In 2014, columnist George Will explained the phenomenon of progressive presidential leadership in an excellent PBS documentary on the Roosevelts. He explained that the presidency is like a warm, leather glove. Each president who’s been elected has put that glove on. However, each successive president (at least every few anyway) has a larger hand, and thus stretches the glove just a bit larger.

Most conservatives would agree with these observations. However, Christians in particular should recognize that some who are fearful genuinely don’t know how to process the fact that the newly-elected president has sounded at times like a racist, misogynist, and/or any number of other despicable things. When we encounter such feelings, we should reassure fellow citizens that we’re just as committed to protecting their legitimate constitutional rights as we are our own.

Even assuming that the worst is true of Mr. Trump’s character and intentions, that one man could singlehandedly provoke, antagonize, or do legal harm to citizens belonging to any other nationality or religious group says something much worse than we know. It tells us that the executive branch—and the presidency specifically—has departed from its proper place, that it’s not a co-equal branch of government, that it doesn’t have checks and balances.

Christians have something significant to say to these concerns. We not only should reaffirm the constitutional separation of powers, but we must point to the larger metaphysical claim upon which this arrangement is based: there is such a thing as human nature, and it isn’t good. No doubt the founders’ beliefs differed about some of the specifics of human nature. It’s fair to say that though they weren’t all Reformed, they understood that too much power given to any one individual or institution could and would lead to lawlessness and tyranny. Believers can refine this insight with verses like Romans 3:10: “There is none righteous, not even one.”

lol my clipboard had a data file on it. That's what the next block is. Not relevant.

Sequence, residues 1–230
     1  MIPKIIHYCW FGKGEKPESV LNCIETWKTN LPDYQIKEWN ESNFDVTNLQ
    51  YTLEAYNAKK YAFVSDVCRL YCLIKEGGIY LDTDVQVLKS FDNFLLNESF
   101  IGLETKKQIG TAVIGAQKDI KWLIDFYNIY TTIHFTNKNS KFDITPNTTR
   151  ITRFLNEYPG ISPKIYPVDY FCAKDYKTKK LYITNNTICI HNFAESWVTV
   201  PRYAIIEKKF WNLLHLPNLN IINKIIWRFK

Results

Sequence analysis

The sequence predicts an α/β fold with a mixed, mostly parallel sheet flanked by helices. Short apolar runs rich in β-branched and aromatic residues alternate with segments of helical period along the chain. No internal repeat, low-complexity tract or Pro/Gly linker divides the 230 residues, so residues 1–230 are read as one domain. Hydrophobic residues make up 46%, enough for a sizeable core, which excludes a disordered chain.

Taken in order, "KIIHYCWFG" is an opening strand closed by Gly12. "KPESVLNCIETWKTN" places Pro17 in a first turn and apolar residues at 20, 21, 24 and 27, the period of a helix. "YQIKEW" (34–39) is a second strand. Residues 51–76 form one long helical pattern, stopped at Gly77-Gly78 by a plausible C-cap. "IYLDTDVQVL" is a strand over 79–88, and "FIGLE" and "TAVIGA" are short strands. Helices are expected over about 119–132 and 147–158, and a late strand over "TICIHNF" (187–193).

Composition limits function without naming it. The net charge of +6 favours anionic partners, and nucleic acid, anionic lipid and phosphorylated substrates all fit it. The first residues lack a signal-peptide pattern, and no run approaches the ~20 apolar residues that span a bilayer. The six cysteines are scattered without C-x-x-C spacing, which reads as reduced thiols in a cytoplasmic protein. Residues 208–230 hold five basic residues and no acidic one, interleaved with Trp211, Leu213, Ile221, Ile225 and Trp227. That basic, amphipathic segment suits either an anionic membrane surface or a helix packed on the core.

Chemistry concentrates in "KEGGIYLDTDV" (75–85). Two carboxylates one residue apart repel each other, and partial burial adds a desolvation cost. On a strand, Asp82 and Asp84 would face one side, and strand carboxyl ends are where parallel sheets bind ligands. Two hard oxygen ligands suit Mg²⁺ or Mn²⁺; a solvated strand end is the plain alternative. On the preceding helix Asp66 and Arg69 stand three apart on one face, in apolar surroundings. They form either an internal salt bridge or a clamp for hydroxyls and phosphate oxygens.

A strong doctrine of sin is critical to preserving the integrity of limiting mechanisms within our social, civil, and political institutions. These mechanisms ensure that one bad man or woman cannot, in fact, take what is not theirs to take, or give what is not theirs to give (cf. Mk. 12:17).

The Bible has much to say about sin and its attendant components—guilt and depravity. Where we have sometimes failed is by stressing the individual dimensions of sin at the expense of the institutional or structural manifestations of sin, a point that mainline theologians have more often stressed. Biblically, sin is explained as an individual and corporate reality, but the discerning person recognizes that individual and corporate wickedness also manifests itself in the institutions humans create. In fact, such a claim may help explain why many suddenly find themselves so fearful about the presidency: we’ve turned a noble, limited office into a scary, unlimited office.

(2) Our Faith in Men

A second issue surrounding present fears is where the dangerous expansion of presidential power takes us. If we believe the office itself has the symbolic, political, and legal power to do such great harm, it becomes critically important that we have complete faith in the person elected, as well as the populace which does the electing. As many are learning now, hell hath no fury like a Clinton-voter scorn. But it isn’t the usual type of frustration. It is a sense of betrayal: “How could you put America in the hands of this person?”